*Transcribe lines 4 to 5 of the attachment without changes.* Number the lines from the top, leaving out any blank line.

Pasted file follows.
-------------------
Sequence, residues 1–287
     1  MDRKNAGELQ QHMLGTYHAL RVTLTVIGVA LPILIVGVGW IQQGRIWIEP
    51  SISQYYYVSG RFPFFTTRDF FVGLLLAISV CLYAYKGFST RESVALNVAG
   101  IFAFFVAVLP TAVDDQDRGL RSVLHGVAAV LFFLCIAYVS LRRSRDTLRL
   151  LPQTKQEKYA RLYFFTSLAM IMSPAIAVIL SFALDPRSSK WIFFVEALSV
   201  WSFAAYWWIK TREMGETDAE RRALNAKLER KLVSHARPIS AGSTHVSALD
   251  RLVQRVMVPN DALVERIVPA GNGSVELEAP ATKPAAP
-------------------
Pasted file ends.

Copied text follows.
   101  IFAFFVAVLP TAVDDQDRGL RSVLHGVAAV LFFLCIAYVS LRRSRDTLRL
   151  LPQTKQEKYA RLYFFTSLAM IMSPAIAVIL SFALDPRSSK WIFFVEALSV